Seattle University's student newspaper since 1933

The Spectator

Seattle University's student newspaper since 1933

The Spectator

Seattle University's student newspaper since 1933

The Spectator

International Dinner Celebrates All Culture

    Students of all nationalities will come together this Saturday in the Campion Ballroom for a chance to share their cultures at the 39th annual International Dinner. The event promises guests a variety of ethnic foods and live performances that hail from all four corners of the earth. The theme for this year comes in the form of a question: Where do you come from, Seattle?

    As the entertainment chair of the event, senior nursing major Ning Luo collaborated with local performers, singers and Seattle U students to give them a chance to answer.

    “I try to coordinate our program, our budget and negotiate with local performers, singers and also student performers so they can bring a different perspective and unique flavor of their culture to our event,” Luo said. “Both on campus or from other schools or in local areas.”

    Luo came to Seattle U from China in 2014 during fall quarter. After volunteering at the International Dinner last year, he started working at the International Student Center (ISC), which gave him the opportunity to help students like himself make a home of Seattle.

    “Our campus is just a smaller shot of the whole U.S. society,” Luo said. “I think [the dinner] is another lens to project myself, my identity, the narrative from my side, also the narrative of the international community.”

    The dinner is one of the many ways that ISC Director Ryan Greene has worked hard to make the transition to Seattle U life easier and faster for students like Luo. Along with his coworkers and a committee of students, volunteers and returning alumni, Greene has brought the world to Seattle U’s campus since he came to the university six years ago.

    “Seattle in many ways is a very global city,” Greene said. “A lot of our students get asked ‘where are you from?’”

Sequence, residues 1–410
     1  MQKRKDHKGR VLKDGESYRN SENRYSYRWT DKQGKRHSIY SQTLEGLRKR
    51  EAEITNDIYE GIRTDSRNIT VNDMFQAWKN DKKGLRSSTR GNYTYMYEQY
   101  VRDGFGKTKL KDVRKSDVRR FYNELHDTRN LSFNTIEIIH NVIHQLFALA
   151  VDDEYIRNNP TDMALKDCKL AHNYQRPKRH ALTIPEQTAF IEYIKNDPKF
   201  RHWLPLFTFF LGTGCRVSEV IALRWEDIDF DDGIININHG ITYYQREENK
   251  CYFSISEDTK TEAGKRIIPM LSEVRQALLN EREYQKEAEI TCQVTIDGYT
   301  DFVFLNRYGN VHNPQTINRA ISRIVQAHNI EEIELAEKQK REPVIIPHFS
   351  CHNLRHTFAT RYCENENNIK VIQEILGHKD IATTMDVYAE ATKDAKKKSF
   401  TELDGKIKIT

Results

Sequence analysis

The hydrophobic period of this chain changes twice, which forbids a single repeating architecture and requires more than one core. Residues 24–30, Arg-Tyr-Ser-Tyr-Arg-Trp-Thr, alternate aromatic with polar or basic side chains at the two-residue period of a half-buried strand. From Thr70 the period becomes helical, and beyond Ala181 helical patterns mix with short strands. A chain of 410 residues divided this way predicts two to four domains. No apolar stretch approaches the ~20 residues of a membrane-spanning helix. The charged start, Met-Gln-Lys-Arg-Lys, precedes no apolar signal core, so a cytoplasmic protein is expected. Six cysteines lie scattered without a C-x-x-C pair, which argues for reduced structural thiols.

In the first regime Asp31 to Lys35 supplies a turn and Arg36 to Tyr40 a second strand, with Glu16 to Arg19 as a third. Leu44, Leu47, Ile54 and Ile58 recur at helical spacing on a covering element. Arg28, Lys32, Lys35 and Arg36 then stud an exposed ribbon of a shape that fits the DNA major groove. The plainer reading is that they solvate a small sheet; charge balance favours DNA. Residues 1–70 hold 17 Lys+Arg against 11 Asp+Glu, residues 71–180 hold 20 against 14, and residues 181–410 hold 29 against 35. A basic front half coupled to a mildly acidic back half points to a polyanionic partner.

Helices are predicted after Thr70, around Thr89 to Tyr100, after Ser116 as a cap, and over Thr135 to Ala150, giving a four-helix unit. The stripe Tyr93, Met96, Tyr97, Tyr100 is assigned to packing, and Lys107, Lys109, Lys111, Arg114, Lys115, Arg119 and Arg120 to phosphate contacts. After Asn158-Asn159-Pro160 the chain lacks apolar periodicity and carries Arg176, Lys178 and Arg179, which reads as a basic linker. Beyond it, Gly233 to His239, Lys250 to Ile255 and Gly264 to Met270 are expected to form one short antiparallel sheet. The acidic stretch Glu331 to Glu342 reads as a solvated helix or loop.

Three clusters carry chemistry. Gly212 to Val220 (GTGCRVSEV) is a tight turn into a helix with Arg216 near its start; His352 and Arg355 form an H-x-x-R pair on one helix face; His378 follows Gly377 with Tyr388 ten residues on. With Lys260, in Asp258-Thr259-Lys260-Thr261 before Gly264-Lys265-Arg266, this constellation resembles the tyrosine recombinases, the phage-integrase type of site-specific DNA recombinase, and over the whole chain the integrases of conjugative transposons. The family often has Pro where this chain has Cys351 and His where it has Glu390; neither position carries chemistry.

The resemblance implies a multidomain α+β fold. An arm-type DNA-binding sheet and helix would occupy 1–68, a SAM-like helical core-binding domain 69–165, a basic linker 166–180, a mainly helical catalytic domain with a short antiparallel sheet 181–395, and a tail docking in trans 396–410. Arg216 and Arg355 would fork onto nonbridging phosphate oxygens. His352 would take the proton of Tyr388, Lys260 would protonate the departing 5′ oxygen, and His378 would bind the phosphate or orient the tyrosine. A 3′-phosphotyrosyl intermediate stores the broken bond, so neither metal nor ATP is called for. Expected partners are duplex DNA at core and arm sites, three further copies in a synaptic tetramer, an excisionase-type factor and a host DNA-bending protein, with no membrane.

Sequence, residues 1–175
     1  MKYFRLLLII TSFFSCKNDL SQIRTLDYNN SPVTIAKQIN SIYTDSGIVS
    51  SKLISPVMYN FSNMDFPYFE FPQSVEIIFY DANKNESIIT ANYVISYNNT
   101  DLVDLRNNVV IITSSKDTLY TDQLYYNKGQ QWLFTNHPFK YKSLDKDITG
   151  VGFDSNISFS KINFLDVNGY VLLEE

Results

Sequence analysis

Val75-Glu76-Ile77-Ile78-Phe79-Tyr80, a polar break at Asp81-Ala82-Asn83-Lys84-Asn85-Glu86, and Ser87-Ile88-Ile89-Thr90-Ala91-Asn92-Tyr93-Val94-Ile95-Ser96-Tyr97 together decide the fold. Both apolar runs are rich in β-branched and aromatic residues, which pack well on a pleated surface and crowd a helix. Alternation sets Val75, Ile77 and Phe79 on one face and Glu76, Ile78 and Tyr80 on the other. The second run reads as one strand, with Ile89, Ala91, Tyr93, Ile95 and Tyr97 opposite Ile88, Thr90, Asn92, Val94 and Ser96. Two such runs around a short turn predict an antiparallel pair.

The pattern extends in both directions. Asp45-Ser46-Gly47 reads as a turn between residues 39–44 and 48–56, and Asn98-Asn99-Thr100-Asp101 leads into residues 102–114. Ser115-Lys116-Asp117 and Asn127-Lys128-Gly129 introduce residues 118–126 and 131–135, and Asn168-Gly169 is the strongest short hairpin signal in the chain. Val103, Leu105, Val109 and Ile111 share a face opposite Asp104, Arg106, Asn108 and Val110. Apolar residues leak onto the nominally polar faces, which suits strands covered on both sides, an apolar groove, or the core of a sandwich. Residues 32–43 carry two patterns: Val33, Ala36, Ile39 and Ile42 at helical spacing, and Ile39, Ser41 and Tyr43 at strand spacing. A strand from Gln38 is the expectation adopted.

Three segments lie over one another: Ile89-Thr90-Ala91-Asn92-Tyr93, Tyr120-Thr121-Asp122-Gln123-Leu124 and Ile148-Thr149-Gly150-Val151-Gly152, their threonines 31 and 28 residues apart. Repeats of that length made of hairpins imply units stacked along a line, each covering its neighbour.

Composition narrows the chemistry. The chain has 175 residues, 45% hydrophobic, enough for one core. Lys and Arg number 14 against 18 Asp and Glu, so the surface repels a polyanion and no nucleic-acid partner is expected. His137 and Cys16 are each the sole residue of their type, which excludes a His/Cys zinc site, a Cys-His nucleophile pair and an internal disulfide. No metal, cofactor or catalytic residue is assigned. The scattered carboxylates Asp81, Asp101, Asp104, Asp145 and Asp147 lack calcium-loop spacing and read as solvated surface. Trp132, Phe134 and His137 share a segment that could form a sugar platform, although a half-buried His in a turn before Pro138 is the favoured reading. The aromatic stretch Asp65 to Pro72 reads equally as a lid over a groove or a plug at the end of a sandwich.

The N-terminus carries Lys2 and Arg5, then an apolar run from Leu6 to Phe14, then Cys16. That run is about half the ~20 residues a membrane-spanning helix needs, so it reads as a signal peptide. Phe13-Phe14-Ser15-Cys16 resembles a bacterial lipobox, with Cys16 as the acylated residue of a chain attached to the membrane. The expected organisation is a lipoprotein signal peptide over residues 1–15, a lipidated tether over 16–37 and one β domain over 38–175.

The International Dinner gives students a chance to answer that question. The event’s rich history at Seattle U reflects the wide diversity of the school’s globalized student population. Next year will mark the 40th anniversary of the first iteration of the event. Incidentally, it will also mark 125 years since Seattle U was founded in 1892.

    A lot has changed since ISC introduced the event almost four decades ago. ISC Assistant Director Dale Watanabe, who started working at Seattle U 16 years ago, was around when a lot of that change took place.

    Watanabe said that the event started as a basic potluck where international students gathered together and shared food. As the years went by, the event’s popularity grew and Watanabe had to accommodate more and more guests with an ever changing panel of performers. Most years, he said, you’ll find him cooking with students in the kitchen during the event.

    “The fondest memories always come from getting to know students better in a different capacity,” Watanabe said. “Not as their adviser, just somebody working alongside them, helping to put on this event.”

    With so many International Dinners under his belt, it didn’t take long for Watanabe to dig up memories of antics, shenanigans and laughter. He recalled one year when a group called “Show Brazil” came to perform at the event. Upon meeting them in person, ISC administrators didn’t think the group’s attire was appropriate and kindly asked them to “dress a little more conservatively.”

    When the time came to perform, they noticed immediately that the performers had made minimal changes to their outfits. Partway through the routine, in the spirit of good show, one of the dancers chose to leave the stage and continue her dance on top of the nearest table. Little did she know, this is where the Jesuits were sitting. Hysterical panic ensued as Watanabe and other event organizers watched from offstage with their mouths open. The Jesuits received a humble but honest explanation after the show.

    “It’s a fun event. Every year is different. There are some mishaps, and sometimes those mishaps are kind of funny in retrospect. Last year we misplaced a bunch of dumplings,” Watanabe said. “It’s all part of the fun.”

    The dinner will be held this Saturday from 6 to 8 p.m. in the Campion Ballroom. Tickets can be purchased online and at the CAC and ISC offices. All students, faculty and staff, domestic and international, are welcome.

    Nick can be reached at
    [email protected]

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